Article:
Caroline Johnston Awarded NSF Graduate Research Fellowship

| May 3, 2021

The Daniel J. Epstein Department of Industrial and Systems Engineering student has been awarded the fellowship to pursue research in optimization for group decision making.

Caroline Johnston

Industrial and Systems Engineering student Caroline Johnston is a recipient of the highly competitive National Science Foundation Graduate Research Fellowships.

Name: Caroline Johnston

Home town: Wilmington, MA


How does it feel to be the recipient of an NSF Graduate Research Fellowship?

I feel very grateful and privileged to have been selected as a recipient of the NSF GRFP. Many people have helped me along my academic journey both here at USC and my undergraduate institution, Worcester Polytechnic Institute (WPI) in Worcester, MA. It was an awesome feeling to reach out to and reconnect with old advisors/mentors to share the great news! With the support of the GRFP, I am excited to keep pursuing the research topics that are both theoretically interesting and have the potential for positive societal impact.

What is your research about?

At a high level, my research proposal revolves around the concept of using robust optimization and social choice theory to create a framework that integrates fair, diverse, equitable, and/or inclusive practices into group-decision making processes.

For example, when policymakers are selecting/implementing policies that are socially sensitive (e.g. setting bail, approving loans, etc.), how can we ensure that the ultimate policy that is implemented is not simply the policy that is favored by those with the “loudest” voices in the room? Are there certain voices in the room that should carry more “weight” than others? To this end, I plan to create a systematic framework that explores different techniques in aggregating group preferences, focusing on such issues.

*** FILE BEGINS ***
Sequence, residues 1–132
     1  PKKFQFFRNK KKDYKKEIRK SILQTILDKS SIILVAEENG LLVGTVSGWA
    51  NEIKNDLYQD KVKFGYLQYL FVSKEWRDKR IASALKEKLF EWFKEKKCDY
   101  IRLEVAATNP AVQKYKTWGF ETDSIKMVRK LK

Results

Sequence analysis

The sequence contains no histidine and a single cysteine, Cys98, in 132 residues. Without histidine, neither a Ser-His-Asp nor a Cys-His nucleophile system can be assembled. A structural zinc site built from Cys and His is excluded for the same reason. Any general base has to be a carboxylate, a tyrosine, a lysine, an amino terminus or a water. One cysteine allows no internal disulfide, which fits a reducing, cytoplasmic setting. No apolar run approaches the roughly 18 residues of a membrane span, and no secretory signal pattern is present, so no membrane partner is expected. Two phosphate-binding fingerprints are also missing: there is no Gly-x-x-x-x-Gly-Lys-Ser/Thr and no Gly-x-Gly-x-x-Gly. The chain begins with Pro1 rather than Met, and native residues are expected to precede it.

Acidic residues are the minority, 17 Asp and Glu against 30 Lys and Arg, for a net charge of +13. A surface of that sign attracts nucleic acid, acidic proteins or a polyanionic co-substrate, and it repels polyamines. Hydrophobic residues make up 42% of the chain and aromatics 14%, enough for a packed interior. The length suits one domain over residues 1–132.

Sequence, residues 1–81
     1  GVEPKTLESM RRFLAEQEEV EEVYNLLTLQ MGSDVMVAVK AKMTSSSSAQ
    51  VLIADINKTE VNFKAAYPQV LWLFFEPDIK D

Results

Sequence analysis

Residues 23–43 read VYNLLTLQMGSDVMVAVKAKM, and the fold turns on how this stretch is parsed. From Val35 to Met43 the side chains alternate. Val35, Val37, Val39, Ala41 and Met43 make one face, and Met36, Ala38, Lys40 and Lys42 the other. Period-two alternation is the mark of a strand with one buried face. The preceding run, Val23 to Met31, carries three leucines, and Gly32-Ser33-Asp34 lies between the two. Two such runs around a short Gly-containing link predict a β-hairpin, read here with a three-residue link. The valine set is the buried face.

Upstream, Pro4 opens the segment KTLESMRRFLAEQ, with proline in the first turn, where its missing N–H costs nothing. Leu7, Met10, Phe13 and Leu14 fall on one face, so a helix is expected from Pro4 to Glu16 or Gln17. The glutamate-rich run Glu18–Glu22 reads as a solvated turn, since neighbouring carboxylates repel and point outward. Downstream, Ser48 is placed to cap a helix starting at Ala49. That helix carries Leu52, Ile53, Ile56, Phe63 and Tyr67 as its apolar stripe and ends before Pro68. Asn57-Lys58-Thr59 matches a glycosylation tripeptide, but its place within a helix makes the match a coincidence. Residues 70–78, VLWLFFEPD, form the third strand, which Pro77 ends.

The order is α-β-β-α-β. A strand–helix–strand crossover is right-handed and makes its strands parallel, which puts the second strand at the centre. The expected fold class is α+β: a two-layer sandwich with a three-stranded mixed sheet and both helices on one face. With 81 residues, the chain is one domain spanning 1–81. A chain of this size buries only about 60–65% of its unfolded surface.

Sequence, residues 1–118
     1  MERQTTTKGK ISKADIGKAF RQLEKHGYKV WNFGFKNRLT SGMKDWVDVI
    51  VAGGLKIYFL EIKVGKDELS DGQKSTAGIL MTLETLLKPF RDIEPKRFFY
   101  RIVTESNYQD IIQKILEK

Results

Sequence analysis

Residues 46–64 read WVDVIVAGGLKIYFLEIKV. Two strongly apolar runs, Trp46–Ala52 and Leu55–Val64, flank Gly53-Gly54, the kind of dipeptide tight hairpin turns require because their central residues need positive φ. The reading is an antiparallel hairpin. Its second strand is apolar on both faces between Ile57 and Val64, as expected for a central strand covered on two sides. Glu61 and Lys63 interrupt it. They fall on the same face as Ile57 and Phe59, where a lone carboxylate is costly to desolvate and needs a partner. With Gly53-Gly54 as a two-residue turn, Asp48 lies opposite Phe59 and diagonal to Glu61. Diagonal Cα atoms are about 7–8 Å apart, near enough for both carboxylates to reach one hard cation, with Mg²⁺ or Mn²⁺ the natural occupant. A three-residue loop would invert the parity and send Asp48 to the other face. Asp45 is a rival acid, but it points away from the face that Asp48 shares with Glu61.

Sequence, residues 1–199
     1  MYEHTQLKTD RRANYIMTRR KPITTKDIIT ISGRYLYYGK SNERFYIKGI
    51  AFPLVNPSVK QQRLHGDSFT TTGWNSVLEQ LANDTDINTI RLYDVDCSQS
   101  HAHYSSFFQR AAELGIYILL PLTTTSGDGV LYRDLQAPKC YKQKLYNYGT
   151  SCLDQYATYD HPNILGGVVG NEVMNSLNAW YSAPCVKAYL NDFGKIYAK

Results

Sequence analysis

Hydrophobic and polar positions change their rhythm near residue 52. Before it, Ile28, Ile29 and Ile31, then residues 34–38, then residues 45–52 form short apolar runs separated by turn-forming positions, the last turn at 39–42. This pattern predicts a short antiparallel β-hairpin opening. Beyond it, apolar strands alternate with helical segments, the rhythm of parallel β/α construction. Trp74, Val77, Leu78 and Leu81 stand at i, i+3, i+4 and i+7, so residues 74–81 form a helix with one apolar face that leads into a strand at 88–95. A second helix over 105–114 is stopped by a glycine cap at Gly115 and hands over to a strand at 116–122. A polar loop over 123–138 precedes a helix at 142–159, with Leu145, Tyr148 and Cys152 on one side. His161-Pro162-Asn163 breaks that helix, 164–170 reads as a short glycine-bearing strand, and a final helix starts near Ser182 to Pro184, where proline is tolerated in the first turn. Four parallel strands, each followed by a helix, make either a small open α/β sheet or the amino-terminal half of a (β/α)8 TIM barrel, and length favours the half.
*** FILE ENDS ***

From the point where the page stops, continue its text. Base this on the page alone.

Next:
What excites or inspires you most about your area of research?

My research revolves around using concepts in robust optimization (optimization under uncertainty) and fairness and equity in AI. The main reason I wanted to pursue a Ph.D. was to develop new technical ideas that can help to promote positive social change. It’s this thought that keeps me going when the going gets tough!

When did you first realize that you wanted to study engineering?

This is a bit of a funny question for me, since I’m not so sure that I think of myself as an engineer! When applying to Ph.D programs I knew that I wanted to study optimization which put me within “Industrial Engineering” departments so it’s more so a title than anything else. There’s a bit of a running joke in my family about me switching from a mathematician for my Bachelor’s degree to an engineer for my Ph.D. During my undergrad, my father, an engineer, told me that I’d never get a job with a math degree but I told him that I’d never want to be an engineer! Now I’m technically an engineer but I still have no job (at least until I receive my Ph.D)!

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